Logical Invalidity of the
Postulate of the Constancy
of the Speed of Light
Wednesday, March 6, 2002
The Theory of Relativity is based on two postulates:
the postulate that
the speed of light is a constant for all inertial
observers, and the postulate
that all uniform rectilinear motion is relative.
The first postulate states that all inertial
observers will obtain the
same result when measuring the speed of light, namely
c, which is
calculated these days to be 299,792,458 metres per
However, the following simple thought-experiment will
show that this
cannot possibly be the case.
Let there be two long cylindrical spaceships S
each parallel to the other, in a region of space far
away from any detectable
gravitational field. Let there be two observers O
in the spaceships S and S'
respectively, each carrying timepieces
accurate to one part in a million: that is, they show
less than one millionth
of a second of difference after the passage of one
second. Let the two
ends of the spaceship S be labelled A
and B, and the
two ends of spaceship S' be labelled A'
and B'. Let
and S' be identical in dimensions to an
accuracy of one in a million
— i.e., let every metre of their dimensions be
accurate to one-thousandth
of a millimetre.
Let each spaceship have a "proper length" of one
let the distance AB as well as the distance A'B'
metres in length, as measured by observers on the
spaceships S and
respectively). Let them each be one metre in diameter,
and let them be
separated from one another by a distance of one metre.
Let them be moving
along their long axes relative to one another at a
velocity of exactly
one-thousandth of the speed of light, i.e.,
Note that at this speed, the Lorentz <gamma>
is 1/(1-0.000001)0.5, equals 1/0.9999995 or
to seven decimal places. Thus the difference in length
between the two
spaceships due to any Relativistic length contraction,
even if any exists,
would be smaller than the limits of accuracy of the
measurements of the
spaceships, which as we said is one part in a million.
So the spaceships
would not be measurably different in length,
even if there were
such a thing as Relativistic length contraction.
And likewise, the timepieces carried by the observers
O and O'
would not show any difference between one second
elapsed on the timepiece
carried by O, for instance, as compared to one
second elapsed on
the timepiece carried by O' — for any such
difference, even if any
truly existed, would be too small to measure.
Now as the two spaceships pass one another there must
come a point at
which A and A' are at their minimum
distance apart, namely
one metre, and at that instant, so too must B
and B' be at
their minimum distance apart. (See Fig. 1
— the grey arrow
represents the direction of movement of spaceship S'
spaceship S.) When this happens, let there be
a small and delicate
antenna jutting out from A at right angles to
and another similar antenna jutting out from A'
at right angles
to spaceship S', oriented in such a manner
that as A and
pass one another, the two antennae make brief contact.
Let an electrical
current pass though the antennae when they make
contact, creating a brief
spark as they make contact and then break away.
Now the question is, how long should it take
the light from
the spark to reach B and B',
respectively, as calculated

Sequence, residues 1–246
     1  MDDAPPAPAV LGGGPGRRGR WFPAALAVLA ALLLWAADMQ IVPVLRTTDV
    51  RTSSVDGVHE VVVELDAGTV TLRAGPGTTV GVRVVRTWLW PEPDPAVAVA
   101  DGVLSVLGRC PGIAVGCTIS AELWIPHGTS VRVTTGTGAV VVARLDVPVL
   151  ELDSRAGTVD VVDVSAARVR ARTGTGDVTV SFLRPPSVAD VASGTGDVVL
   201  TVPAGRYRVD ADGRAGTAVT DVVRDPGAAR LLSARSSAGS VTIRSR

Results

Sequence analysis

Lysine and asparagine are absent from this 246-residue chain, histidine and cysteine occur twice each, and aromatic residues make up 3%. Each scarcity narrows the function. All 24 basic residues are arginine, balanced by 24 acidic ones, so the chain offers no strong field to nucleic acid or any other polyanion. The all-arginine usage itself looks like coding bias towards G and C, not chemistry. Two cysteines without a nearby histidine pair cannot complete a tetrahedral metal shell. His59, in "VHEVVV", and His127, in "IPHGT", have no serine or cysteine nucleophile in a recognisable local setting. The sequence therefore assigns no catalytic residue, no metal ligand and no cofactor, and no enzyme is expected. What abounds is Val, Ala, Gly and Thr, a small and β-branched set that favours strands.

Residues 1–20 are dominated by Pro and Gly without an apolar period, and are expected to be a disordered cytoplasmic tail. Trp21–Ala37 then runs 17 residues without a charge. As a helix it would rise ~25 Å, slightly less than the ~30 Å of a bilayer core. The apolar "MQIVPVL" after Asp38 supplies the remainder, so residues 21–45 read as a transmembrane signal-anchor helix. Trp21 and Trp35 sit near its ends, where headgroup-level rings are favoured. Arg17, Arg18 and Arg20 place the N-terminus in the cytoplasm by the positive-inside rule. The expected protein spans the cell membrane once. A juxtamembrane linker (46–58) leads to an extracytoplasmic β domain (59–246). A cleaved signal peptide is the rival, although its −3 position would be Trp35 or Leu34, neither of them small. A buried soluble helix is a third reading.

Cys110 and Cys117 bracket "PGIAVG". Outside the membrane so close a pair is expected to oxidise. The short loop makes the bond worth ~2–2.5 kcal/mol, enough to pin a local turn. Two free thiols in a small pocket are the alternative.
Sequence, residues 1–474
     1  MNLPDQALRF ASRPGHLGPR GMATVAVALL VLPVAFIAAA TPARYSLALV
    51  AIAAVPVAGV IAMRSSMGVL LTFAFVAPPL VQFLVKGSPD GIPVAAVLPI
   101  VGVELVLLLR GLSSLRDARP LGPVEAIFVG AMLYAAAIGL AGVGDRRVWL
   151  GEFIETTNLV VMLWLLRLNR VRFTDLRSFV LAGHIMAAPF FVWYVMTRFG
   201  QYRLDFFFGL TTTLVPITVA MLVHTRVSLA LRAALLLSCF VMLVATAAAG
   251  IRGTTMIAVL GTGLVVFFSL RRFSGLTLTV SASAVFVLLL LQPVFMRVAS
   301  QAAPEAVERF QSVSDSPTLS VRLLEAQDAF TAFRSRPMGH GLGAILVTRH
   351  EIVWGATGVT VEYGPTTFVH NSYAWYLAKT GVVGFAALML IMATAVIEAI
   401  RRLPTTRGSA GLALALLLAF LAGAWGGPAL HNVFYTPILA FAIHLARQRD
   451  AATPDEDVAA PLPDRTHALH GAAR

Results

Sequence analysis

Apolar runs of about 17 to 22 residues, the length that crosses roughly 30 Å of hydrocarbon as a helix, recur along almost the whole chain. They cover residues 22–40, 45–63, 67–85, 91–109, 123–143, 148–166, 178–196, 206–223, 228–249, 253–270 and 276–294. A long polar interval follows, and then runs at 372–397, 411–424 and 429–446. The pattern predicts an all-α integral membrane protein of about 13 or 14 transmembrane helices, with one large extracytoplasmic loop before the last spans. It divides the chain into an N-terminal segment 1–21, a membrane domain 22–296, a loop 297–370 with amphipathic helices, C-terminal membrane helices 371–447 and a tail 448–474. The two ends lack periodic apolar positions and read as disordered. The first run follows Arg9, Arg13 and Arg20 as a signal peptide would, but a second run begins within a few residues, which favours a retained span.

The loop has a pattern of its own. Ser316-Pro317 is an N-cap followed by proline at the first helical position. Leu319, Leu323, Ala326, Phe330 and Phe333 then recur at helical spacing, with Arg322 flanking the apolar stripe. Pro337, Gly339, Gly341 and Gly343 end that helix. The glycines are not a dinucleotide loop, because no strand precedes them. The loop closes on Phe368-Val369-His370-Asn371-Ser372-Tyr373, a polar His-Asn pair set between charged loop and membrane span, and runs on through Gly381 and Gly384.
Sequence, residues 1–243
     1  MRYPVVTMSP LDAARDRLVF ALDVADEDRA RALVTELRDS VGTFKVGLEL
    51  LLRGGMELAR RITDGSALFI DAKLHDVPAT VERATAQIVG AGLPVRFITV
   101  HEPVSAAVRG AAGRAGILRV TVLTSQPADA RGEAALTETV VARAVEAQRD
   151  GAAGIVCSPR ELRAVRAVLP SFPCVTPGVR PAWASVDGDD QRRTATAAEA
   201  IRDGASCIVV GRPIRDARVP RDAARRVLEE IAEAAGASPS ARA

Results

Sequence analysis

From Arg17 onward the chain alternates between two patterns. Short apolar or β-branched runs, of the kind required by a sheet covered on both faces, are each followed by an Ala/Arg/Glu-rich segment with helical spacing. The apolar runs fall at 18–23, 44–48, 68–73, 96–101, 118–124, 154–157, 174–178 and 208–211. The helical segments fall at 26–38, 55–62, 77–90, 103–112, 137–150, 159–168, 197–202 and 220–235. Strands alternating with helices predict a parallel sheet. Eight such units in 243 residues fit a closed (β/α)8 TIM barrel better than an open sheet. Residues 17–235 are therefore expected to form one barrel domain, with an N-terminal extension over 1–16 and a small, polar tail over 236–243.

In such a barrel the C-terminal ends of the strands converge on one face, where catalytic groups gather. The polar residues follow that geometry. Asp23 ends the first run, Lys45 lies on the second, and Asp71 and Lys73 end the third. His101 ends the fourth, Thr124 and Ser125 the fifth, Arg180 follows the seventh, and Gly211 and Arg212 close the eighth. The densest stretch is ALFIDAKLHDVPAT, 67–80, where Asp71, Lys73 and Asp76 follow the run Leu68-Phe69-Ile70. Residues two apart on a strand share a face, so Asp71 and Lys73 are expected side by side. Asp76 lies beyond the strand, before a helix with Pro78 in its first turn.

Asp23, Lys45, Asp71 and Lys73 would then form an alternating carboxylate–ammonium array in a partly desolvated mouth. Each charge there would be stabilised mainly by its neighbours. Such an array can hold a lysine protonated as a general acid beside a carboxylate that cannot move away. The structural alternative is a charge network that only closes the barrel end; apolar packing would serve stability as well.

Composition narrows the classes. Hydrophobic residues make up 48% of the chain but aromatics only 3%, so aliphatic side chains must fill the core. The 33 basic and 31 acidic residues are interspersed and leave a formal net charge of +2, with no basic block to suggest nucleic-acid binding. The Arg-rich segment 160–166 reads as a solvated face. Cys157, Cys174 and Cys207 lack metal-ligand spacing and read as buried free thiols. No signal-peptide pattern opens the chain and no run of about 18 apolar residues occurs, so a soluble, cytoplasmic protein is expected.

O and O'?
If the Relativistic postulate of the constancy of the
speed of light
for all inertial observers is correct, it should take
exactly one second
for the light from the spark to reach both B
and B', as calculated
by either observer. That’s
because in the frame
of observer O, the distance from A to
B is exactly
one light-second, and in the frame of the observer O',
from A' to B' is also exactly one
(Remember that the time dilation <gamma>
factor is too small
to show any difference between one second as measured
of the two timepieces, as compared with one second as
measured by the other;
and so is the Relativistic length contraction factor
to show any difference
in the length of the spaceships as measured by either
of the two observers.)
However, since the spaceships are moving at a
relative velocity equal
to one-thousandth c, as calculated by observer
O, say, during
the one second the light from the spark takes to
travel from A to
the end B' of spaceship S' will have
moved away from
and towards A by an amount equal to
one-thousandth of a light-second,
or about 299 metres. (See Fig. 2.) Thus
as calculated by
the observer O, the light from the spark would
have reached B'
about a thousandth of a second before it
reached B: which
means that as per the calculations of the observer
O, light would
take 0.999 seconds to reach B', and not
exactly 1.000 seconds as
calculated by the observer O'.
And as calculated by the observer O', the light
from the spark
would have reached B' exactly 1.000 second after
it left A',
but during that one second, B would have moved away
both A' and B', again by an amount equal
of a light-second. Thus according to the observer O',
from the spark would have reached B about
one-thousandth of a second
after it reached B': which means that as
per the calculations
of the observer
O', light should reach B 1.001 seconds
the spark ignited.
But this is a contradiction, because as we
calculated, the timepieces
of both O and O' must tick at the same
rate (within the margin
of error of one millionth of a second for every
second). If the calculations
performed by O show that light from the spark
must reach B'
in 0.999 seconds, then the calculations performed by O'
the same thing; and if the calculations performed by O'
light from the spark should reach B in 1.001
seconds, so should
the calculations performed by O.
The following table (Table 1)
illustrates the contradiction
very clearly. It is seen that the figures obtained by
assuming that the
postulate of the constancy of the speed of light for
all inertial observers
contradict the figures obtained by both observers as a
result of the calculations
performed by them.